Coming down into Steamboat Springs over Rabbit Ears pass in January, down the 7% grade in 2nd gear on snow packed pavement, is like dropping into a snow globe that you shake and see it snow on the tiny village. A true "winter wonderland" with heavy snow on all the pine trees and 8 inches of snow on all the rooftops, makes me glad I don't have to shovel snow every morning in Denver!
My middle of the night drive from Denver to Steamboat, in the all new, larger 04 Durango with a Hemi was fun. Taking on the curves of the Colorado construction zones and ice patches at -2 degrees tested the new handling abilities of the improved coil spring, rear suspension. With the Hemi option, horsepower is 335, 10 less than the Hemi in the Ram and torque drops 5 to 370. Which is plenty of power for the new Durango, though this Hemi is the quiet one. Shifting was very smooth with the 545RFE 5-speed auto. The new Durango is 7" longer, 4" wider and 3" taller as compared with the old model below.
The rear doors open 84 degrees, as shown below. This makes access to the third row of seats easy. The C pillar on the passenger side (behind the second door) is large like on a Hummer, so look twice when turning to the right. The only other negative observation I had on the larger Durango, is the weight of the hood. It doesn't have struts, so you have to use the metal "stick" to hold up the hood after you use both hand to lift it. Dodge in general has the lead on cup holders and gadgets. Which as an "on the go writer" I appreciate the bigger deeper armrest/console with a 12 volt outlet inside and the long open console that will hold my phone, camera, coffee, flashlight, etc. Even the ignition key is different with the key FOB built in. I do like Dodges map lights, with the whole lens as a on-off button, instead of searching for the little button to turn the light on.
The Durango taillights remind me of GM trucks starting 03.
This Durango came with Goodyear Wrangler All-Terrain tires with wavy siping that held snowy mountain roads and the Durango was surprisingly stable on dry curves that appear from nowhere in the early morning darkness after winds have blown over the construction cones. With that close call I used the fog lights, which were great at finding dangers and deer that might be wearing snow shoes to cross the road.
The center console is large with a 12V outlet and in front of the console are cup holders, dividers and compartments, we road warriors appreciate. Click on the picture and see it grow.
SUV's are multifunction, like the mini-vans they sometimes replace. Many SUV's have 7 and 8 seats like a mini-van, now with three rows of seats. The Durango is fairly easy to access the third row.
The Bridgestone Winter Driving School at Steamboat Springs, CO, is something everyone who pulls a trailer over mountain passes, should take. In December my son and I pulled a 34' travel trailer with a Hummer H2 through Flagstaff and Rotan Pass in a snowstorm. Being able to look at ice and snow on the road and find the best track for traction and safety, takes some practice. And practice is what you get at the Bridgestone Winter Driving School along with SafetyOne's Snow Operations Ice Driving and Trailering Course.
I only made it to day two of the course, but was impressed by the trailer training in the morning of how to properly load and secure cargo on a trailer, calculating and adjusting tongue weight, hitches, brake controllers and more. The inside class was taught by Carl Maxey of Maxey Truck Equipment in Ft. Collins for the 3rd year. Maxey talked about commercial vehicles which start at 10,000 GVWR. Being commercial, used in business, makes pulling trailers with pickup trucks follow some of the same rules as over-the-road semi-trucks. Such as carrying flares or reflector triangles, fire extinguisher, chains in the winter, medical card, and log books for interstate travel or if over 150 miles radius from your business. You also need to know what grade of safety chain to use, their hooks and crossing them under the hitch.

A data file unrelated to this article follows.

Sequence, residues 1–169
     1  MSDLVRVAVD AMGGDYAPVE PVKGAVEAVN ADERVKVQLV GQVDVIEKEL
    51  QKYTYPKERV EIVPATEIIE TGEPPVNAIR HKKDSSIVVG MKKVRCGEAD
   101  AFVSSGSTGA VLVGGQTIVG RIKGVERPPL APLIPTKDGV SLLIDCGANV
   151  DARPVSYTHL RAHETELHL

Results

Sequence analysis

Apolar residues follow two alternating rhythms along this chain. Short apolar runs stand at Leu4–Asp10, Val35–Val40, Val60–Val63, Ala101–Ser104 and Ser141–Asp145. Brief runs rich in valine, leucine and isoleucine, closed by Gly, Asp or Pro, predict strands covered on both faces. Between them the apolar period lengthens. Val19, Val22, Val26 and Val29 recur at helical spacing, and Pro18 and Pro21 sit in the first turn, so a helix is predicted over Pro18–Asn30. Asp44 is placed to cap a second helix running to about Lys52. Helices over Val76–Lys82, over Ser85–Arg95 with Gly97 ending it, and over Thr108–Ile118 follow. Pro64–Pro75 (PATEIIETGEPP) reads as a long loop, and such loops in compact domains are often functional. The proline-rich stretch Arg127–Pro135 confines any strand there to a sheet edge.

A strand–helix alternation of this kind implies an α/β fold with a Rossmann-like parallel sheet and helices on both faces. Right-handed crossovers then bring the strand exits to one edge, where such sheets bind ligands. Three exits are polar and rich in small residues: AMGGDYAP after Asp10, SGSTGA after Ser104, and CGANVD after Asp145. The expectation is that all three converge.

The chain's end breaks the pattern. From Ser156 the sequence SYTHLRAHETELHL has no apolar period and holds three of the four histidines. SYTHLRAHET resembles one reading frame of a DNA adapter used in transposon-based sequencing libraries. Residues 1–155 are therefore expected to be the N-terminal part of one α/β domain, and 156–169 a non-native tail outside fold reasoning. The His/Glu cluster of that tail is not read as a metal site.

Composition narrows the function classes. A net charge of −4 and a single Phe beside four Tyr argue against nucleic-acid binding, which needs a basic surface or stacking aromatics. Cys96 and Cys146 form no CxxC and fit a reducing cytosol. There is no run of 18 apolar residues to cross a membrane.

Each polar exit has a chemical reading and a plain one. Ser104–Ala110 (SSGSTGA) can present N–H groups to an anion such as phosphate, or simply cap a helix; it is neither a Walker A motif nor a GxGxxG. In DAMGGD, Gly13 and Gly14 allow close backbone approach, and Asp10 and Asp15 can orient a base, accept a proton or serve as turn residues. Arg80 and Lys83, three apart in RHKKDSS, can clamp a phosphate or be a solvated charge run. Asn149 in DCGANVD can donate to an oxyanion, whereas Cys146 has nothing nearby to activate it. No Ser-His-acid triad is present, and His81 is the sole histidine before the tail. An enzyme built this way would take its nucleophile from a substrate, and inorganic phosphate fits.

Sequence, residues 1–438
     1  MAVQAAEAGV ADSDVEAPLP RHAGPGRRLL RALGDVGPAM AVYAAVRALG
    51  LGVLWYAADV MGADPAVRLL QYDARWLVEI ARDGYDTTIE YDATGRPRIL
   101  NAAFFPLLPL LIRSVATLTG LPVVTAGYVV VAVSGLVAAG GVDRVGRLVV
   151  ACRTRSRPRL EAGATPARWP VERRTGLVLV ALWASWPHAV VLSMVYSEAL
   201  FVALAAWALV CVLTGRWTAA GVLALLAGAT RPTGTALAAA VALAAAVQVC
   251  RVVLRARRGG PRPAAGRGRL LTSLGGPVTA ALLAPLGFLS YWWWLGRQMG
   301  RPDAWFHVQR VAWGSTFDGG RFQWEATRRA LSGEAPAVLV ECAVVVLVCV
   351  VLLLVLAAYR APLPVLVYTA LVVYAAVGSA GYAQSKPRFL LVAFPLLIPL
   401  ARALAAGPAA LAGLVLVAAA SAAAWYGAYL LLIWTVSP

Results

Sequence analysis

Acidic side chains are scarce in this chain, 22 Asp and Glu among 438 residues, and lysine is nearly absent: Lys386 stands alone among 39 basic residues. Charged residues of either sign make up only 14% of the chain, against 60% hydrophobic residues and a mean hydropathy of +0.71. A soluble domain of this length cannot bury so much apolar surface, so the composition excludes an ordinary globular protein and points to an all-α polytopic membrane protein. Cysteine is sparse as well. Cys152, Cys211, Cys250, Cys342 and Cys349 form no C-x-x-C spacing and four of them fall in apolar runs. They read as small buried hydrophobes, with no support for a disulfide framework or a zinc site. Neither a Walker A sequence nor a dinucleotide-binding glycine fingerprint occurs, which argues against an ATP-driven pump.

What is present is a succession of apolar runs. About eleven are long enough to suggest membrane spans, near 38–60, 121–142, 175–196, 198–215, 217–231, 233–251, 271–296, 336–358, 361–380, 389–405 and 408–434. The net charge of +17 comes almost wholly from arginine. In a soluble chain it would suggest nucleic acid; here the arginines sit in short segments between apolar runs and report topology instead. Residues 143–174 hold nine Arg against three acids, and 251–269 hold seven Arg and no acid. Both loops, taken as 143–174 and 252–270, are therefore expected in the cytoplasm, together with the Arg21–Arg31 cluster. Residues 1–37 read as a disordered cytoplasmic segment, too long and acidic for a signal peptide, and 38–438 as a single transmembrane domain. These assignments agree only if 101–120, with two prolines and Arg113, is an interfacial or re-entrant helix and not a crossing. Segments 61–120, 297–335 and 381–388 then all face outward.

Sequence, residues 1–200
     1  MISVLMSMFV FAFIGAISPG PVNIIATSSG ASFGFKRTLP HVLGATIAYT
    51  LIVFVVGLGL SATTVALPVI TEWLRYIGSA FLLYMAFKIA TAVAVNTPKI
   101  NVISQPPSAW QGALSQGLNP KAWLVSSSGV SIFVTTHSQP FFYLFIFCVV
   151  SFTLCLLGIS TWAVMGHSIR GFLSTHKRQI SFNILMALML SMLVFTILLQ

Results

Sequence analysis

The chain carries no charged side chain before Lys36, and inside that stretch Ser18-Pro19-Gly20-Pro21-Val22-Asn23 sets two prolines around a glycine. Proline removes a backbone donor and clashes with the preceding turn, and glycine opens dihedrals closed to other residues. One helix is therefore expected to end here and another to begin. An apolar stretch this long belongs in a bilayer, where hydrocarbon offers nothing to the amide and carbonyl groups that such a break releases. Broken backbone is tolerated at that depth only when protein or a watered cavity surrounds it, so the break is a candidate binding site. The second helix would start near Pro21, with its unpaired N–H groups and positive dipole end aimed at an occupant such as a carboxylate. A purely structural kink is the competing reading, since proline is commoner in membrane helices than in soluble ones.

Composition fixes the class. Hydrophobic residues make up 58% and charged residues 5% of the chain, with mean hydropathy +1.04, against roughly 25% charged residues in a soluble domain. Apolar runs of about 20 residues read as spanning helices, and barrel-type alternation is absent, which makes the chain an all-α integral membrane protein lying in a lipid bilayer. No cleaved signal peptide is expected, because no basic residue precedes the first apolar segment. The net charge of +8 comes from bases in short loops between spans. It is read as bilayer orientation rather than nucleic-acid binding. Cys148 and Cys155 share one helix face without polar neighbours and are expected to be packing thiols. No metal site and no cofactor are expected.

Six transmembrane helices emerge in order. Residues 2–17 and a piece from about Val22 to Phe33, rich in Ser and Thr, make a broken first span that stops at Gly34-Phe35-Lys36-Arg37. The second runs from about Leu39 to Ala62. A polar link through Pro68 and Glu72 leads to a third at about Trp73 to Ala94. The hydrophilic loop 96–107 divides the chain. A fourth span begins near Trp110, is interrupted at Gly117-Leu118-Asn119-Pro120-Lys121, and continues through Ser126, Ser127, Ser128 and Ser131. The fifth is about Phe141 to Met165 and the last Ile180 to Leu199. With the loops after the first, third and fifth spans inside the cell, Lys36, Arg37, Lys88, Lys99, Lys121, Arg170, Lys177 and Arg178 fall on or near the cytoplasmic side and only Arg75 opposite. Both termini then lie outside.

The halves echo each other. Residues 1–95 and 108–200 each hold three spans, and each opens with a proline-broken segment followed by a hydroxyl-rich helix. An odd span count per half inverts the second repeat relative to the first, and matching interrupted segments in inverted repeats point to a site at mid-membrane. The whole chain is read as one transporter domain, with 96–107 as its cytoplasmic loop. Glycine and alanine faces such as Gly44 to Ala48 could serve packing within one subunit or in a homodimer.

There are commercial rules for reflectors on your trailers such as reflective tape along 50% of the side and 100% of the rear. Your emergency breakaway brake system on the trailer needs to be able to stop your trailer on a 7% grade for 15 minutes when disconnected from the truck. Along with the inspection of truck and trailer that needs done each time you use them, the trailer emergency breakaway needs to be tested. Maxey cautions to unplug the trailer electrical plug from the truck when testing the breakaway brake, to prevent burning up the diodes in your brake controller. Carl Maxey, also gave a presentation on the Tekonsha Prodigy brake controller, reviewing the benefits of motion sensing brake controllers which adjust brake pressure fast and proportional, verses time actuated "full brake only" with slower brake activation. Learning to use your trailer brakes separately with the hand control, can be a tool in winter driving to keep your trailer behind you. Surge brakes, as used on most boats are not legal for commercial use.
Magnesium Chloride, that is replacing salt on icy roads, can be corrosive to your safety chains and the exterior components of your axles, springs and hitches. Another reason for inspecting your trailer often. Commercial use may not apply to all businesses such as farms. But if you are a business and have employees pulling trailers, you do need to know about the commercial aspect. Things like proper tire tread, and air pressure, tying cargo down, crossing chains and adjusting trailer brakes needs to be done properly and legally. Some trailer axles now have self-adjusting brakes, which I wish I had.